The single biggest security threat to the enterprise is still its employees, a security conference in Toronto was told. Read what to do about it

Your biggest security threat? Your people

An employee uses business credentials to shop online. Another clicks on a link in an e-mail message from a complete stranger. A systems admin goes to a forum for help with a problem and gives detailed hardware, software, network and configuration information.

The exploits, payloads and motives may change, but the single biggest security threat to the enterprise is still its employees.

“Every one of you is owned, I absolutely promise you,” Kris Lovejoy, vice-president of IT risk with IBM Corp., told an audience of security professionals at SC Congress in Toronto on Wednesday.

 

And with companies putting more data and applications into cloud infrastructures – wherein development and administrative rights are sometimes given to employees who aren’t in the IT department – the time-to-ownership window is getting smaller. Lovejoy’s estimate of spin-up to compromise is about 15 minutes.

Often, “it’s really hygiene that’s the problem,” she says – developers disabling antivirus to compile faster, not changing passwords, leaving default services open.

Lovejoy breaks down security threat into four categories: inadvertant breaches by employees constitute about 60 per cent; unsophisticated, opportunistic attacks make up 20 per cent; and hacktivists and “advance persistent threats,” or APTs, each contribute less than 10 per cent to the threat landscape.

Hacktivist collectives like Anonymous are on the more sophisticated end of the scale, and are a widespread threat. “There’s no end to the reasons that people get mad at you, “ Lovejoy says. But it’s the APTs – organized criminals, terrorists, mercenaries and, speculation has it, national interests – that worry Lovejoy.

“They’re getting real estate on our systems and leaving logic bombs,” she says. “How are they getting in? Through our people.”

A typical targetted attack goes something like this: An attacker searches LinkedIn for a systems administrator at a particular company. Profiles and activity on social networks will reveal preferences, trusted contacts, recent industry activity, and common online destinations. That’.s enough information to spear-phish for access information by posing as a trusted source, infect a third-party Web site to compromise a visiting machine, or guess passwords.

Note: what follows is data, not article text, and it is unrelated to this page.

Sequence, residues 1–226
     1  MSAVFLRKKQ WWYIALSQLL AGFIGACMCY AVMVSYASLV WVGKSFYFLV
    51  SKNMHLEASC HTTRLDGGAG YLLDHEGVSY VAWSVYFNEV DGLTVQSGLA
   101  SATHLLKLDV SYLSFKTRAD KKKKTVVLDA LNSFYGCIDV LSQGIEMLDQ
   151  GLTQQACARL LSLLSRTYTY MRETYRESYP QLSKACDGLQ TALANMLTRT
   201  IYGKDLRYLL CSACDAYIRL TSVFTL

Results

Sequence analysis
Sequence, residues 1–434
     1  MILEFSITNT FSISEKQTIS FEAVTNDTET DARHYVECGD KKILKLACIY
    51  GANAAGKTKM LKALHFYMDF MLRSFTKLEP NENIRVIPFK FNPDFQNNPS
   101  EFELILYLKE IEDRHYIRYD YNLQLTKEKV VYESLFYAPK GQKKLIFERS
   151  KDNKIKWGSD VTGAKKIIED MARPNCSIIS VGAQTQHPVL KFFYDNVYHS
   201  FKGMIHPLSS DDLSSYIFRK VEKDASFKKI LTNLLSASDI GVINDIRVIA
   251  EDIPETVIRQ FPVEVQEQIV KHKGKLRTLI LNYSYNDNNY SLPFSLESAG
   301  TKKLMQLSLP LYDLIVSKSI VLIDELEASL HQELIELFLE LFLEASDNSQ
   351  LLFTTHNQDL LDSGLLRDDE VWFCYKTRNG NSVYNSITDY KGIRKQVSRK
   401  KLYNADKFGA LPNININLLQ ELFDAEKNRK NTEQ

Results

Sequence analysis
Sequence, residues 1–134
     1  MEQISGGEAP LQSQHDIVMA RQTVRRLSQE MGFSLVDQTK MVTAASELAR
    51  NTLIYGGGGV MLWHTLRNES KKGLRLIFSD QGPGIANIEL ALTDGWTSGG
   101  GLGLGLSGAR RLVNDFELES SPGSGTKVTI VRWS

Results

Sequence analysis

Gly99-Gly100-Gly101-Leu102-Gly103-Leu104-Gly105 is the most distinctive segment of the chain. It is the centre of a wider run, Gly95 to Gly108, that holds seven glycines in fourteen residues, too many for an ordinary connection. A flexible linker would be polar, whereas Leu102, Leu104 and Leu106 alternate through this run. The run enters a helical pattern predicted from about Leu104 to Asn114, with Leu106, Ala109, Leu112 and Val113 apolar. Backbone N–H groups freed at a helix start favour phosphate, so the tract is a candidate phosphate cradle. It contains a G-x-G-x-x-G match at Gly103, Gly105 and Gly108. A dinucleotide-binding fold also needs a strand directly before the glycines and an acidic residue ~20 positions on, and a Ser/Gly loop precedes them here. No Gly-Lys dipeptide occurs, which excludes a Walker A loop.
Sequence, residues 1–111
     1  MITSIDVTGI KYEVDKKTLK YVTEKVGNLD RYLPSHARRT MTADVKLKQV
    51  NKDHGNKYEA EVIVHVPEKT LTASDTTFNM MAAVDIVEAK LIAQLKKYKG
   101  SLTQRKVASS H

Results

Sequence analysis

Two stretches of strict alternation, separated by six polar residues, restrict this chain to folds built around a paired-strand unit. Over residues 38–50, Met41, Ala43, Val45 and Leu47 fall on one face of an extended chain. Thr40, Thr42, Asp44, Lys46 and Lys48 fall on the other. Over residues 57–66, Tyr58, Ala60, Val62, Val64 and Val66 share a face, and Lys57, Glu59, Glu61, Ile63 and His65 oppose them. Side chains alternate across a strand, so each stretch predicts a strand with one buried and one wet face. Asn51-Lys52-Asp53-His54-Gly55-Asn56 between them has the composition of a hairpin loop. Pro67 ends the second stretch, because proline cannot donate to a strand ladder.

It can be difficult to detect, says Lovejoy, because the exploit could stay inactive for months before installing a keystroke logger, downloading command and control software, leaving logic bombs that will disrupt the system at a later date, or stealing data.

In a later session on risk management through situational awareness, Winn Schwartau, security guru and founder of mobile security company Mobile Application Development Partners LLC and The Security Awareness Co., the focus returned to the human element. Not many companies are dealing with it well, he said.

What are employees saying online that has security implications for the company? Is there a company policy regarding what employees can say in forums and social networks? Can employees use their company credentials, or do they have to use their personal accounts?>

“I’ve seen it occur at the C-level. They’re completely clueless” about the security implications of what they’re divulging online, Schwartau said.

Companies should also be monitoring what’s being said about them online by outsiders, too. If there’s a lot of traffic about you in Eastern Europe, for example, “does that present a road to a potential attack?” he asked.

While how much monitoring of your employees is politically acceptable varies from organization to organization, Schwartau said that simply doesn’t apply to Internet activity. In that case, it’s not an invasion of privacy.

“If it’s on YouTube, it’s not private, it’s public. If it’s on Facebook, it’s public,” he said. Screening employees’ social network profiles helps answer the question, “Does this person make good decisions or not?”

Robert Parnham, director of the information security practice at Marlabs Inc, agreed. If employees are using a company profile, it’s the company’s responsibility. “There’s a need to do due diligence in your hiring,” Parnham said.

Schwartau calls himself a big fan of profiling employees and potential hires.

“I want to know if, as an employee, you’re going to screw me,” he said. But for vetting new hires, he recommends someone who’s trained in “deception detection,” the ability to gauge physiological responses questioning (think Tim Roth in the TV series Lie to Me).

But even those companies that do profile their employees often forget to re-vet the employee periodically, Schwartau said. Financial situations, personal situations and domestic situations change. “People’s lives change,” Schwartau said.

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